7. Cedar Rapids, Iowa Pays Well And Charges Little
Iowa offers much more than cornfields. Cedar Rapids is a thriving city for well-educated money conscious individuals. With a population of 126,326, Cedar Rapids is the second largest city in Iowa. The grain processing industry is Cedar Rapids’ most important sector, directly providing 4,000 jobs. With a median household income of $52,242 and only 4.5% of the population unemployed, Cedar Rapids is a great city to work in. The overall cost of living is 8.1% below the national average. Fortune 500 company, Rockwell Collins, is headquartered in Cedar Rapids, and the city also serves as the hub of Iowa’s Creative Corridor, which promotes collaboration between the arts, science and technology communities.
6. Experience the Joys of the High Desert in Pueblo, Colorado
Located in southeastern Colorado on the Arkansas River and Fountain Creek, Pueblo is home to 106,595 residents. Pueblo has the least expensive residential real estate in Colorado. The median home price for homes on the market in Pueblo is $147,851. The median income for a family is $35,620. Pueblo experiences a high desert climate with over 300 days of sunshine per year. Pueblo is also the home to Colorado’s largest single event, the Colorado State Fair, held every summer, as well as an annual Chile & Frijoles Festival.
5. Springfield, Ohio Is the Perfect Home Base for Artists
Springfield is located in the southwestern corner of Ohio bordering Mad River and Beaver Creek. The population of Springfield is 60,608 and in 2004 it was chosen as the “All-America City.” According to CNN Money the median price for a home in Springfield is $76,000 and the median household income is $39,890. The overall cost of living is 23% lower than the national average. Springfield has a number of summer art festivals and museums for entertainment.
4. Kokomo, Indiana Is a Hidden, Recession-Proof Gem
CNN Money ranked Kokomo number one on the list of most affordable housing markets in the country. With a population of 46,113, Kokomo is the 13th largest city in Indiana. Kokomo experienced a rapid bounce back after the 2007 recession struck. Forbes listed it as one of the “Best Cities for Jobs” after the city ascended 177 places in the rankings from the previous year. The current median home price in Kokomo is $85,000, and the median family income is $60,100. Kokomo offers a number of parks, museums and historic sites for residents to enjoy.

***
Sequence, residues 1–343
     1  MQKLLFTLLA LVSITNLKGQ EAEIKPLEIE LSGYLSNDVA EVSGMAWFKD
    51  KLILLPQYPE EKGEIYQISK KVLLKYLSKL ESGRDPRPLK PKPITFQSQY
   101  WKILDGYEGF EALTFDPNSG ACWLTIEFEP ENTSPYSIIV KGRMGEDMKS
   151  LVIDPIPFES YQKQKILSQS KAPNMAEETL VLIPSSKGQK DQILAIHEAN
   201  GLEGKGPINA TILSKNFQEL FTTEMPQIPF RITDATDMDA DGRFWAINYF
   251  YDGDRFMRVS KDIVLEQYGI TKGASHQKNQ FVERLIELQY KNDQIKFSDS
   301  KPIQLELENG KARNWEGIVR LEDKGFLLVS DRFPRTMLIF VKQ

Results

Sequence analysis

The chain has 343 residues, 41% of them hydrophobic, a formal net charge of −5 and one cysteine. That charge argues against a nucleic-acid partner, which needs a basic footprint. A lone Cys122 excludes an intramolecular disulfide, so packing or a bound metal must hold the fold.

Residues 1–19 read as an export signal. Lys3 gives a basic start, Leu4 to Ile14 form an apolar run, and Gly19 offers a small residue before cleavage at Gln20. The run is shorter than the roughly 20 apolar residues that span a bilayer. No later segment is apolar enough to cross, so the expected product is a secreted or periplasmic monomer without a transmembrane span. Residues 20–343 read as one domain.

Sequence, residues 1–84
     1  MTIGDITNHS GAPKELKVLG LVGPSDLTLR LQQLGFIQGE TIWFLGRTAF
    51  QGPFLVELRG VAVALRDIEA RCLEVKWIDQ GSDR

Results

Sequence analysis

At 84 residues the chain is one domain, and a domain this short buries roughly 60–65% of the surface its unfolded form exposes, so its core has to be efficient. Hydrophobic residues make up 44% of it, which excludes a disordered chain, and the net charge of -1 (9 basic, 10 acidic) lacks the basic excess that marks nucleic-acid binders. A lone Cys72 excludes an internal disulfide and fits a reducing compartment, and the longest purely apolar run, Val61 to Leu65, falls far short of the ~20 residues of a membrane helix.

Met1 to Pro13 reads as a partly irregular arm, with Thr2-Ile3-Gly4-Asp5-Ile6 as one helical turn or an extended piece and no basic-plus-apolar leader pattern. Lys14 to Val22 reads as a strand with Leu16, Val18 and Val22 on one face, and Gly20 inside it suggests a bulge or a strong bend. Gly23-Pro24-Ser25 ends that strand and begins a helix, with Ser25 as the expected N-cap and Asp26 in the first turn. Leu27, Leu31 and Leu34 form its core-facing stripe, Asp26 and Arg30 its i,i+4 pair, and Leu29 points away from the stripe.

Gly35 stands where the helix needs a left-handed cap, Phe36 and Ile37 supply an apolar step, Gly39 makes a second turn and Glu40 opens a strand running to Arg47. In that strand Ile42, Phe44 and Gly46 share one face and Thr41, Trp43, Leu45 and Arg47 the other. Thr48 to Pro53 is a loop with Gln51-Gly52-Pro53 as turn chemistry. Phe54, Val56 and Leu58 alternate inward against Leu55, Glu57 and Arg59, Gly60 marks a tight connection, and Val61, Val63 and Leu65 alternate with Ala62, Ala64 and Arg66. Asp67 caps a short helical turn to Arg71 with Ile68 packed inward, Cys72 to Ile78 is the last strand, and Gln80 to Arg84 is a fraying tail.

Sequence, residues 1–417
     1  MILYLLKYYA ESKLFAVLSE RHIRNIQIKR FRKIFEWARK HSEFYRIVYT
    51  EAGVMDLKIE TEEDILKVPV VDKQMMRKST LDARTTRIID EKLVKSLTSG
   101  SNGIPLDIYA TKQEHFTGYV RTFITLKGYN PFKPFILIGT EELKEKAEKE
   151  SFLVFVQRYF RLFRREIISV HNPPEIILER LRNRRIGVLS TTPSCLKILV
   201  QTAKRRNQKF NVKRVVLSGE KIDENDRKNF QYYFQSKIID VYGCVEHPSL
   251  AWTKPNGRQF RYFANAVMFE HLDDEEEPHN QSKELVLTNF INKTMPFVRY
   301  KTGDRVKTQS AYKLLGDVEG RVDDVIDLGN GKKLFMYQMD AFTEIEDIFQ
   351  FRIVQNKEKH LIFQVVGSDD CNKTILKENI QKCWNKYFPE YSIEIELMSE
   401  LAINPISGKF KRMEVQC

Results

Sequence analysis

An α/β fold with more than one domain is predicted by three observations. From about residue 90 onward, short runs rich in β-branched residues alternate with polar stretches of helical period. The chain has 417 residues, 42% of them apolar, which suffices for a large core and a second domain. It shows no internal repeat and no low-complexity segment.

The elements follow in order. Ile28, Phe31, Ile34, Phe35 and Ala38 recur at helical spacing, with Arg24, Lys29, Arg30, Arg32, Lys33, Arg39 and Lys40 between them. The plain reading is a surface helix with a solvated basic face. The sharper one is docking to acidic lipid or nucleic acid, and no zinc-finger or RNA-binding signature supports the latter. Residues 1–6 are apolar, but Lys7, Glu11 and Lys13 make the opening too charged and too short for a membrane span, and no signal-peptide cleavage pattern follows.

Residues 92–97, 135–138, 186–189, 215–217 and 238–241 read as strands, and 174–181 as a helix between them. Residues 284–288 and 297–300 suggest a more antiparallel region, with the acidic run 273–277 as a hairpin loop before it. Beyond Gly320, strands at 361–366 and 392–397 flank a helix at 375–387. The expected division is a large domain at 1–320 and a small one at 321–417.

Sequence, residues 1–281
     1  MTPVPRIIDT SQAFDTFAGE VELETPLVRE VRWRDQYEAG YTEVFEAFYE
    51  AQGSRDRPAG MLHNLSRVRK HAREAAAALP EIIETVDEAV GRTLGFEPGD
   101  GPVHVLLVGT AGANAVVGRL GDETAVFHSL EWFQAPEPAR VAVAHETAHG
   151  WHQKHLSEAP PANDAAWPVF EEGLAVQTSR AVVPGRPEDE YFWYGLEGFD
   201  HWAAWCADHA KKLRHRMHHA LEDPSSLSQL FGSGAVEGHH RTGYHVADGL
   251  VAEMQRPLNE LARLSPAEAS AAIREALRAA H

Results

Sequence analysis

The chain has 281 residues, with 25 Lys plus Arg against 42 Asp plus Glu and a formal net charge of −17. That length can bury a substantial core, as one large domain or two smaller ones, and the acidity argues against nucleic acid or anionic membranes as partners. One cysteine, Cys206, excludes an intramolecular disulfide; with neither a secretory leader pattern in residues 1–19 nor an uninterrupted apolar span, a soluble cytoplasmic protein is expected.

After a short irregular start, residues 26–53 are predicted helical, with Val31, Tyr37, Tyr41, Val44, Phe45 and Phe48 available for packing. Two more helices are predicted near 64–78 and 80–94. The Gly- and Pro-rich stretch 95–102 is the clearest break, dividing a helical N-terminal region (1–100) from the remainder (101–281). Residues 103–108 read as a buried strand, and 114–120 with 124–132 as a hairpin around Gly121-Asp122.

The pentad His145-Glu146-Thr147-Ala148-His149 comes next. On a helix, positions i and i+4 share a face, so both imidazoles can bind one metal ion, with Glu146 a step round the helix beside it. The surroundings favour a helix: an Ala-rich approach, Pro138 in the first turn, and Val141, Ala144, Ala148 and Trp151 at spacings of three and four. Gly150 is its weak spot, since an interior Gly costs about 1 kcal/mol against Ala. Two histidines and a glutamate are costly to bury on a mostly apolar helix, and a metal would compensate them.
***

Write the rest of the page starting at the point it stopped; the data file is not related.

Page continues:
3. Experience a Slice of the Tropics in the United States in McAllen, Texas
McAllen is one of the cheapest places to live in the US. Located at the southern tip of Texas in the Rio Grande Valley, McAllen is home to 140,717 residents. The average cost of a home in McAllen is $178,000, while a two-bedroom/two-bath apartment rents for $708 per month. Overall, the cost of living is 16.2 percent cheaper than the national average in this Texan town. Enjoy McAllen’s semi-tropical climate, which is perfect for outdoor activities like bird-watching, golf, biking and car racing.
2. Fayetteville, Arkansas Is Steeped in History, Entertainment, and a Low Cost of Living
Fayetteville was named by Forbes Magazine as one of the best places in the U.S. for businesses and careers, and this city is also great for your budget too. Fayetteville is the third-largest city in Arkansas and home of the University of Arkansas, making it an exciting college town constantly buzzing with activities. According to the 2010 Census, the population of Fayetteville is 73,580. The median income for a family is $72,258 and the median home price is $173,400. Fayetteville’s overall cost of living is 15.4 percent lower than the national average. A trip to the movies will only cost you about $7.50 here.
1. Buffalo, New York Is a Dream Come True for Clean Freaks
The home of the most famous wings in America is also a very affordable place to live. Located at the eastern shores of Lake Erie and at the head of the Niagara River, Buffalo is the second most populous city in New York. It has a thriving economy supported by industrial, light manufacturing, high technology and service-oriented private sector companies. Buffalo was ranked the third cleanest city in the nation by Reader’s Digest in 2005. As of 2014, the median home price in Buffalo was $95,000 and the median family income was $63,500. Home ownership is attainable for 88.5% of Buffalo residents. Buffalo also offers an array of cultural activities. There’s a thriving jazz scene, a number of summer festivals and two successful professional sports teams to support.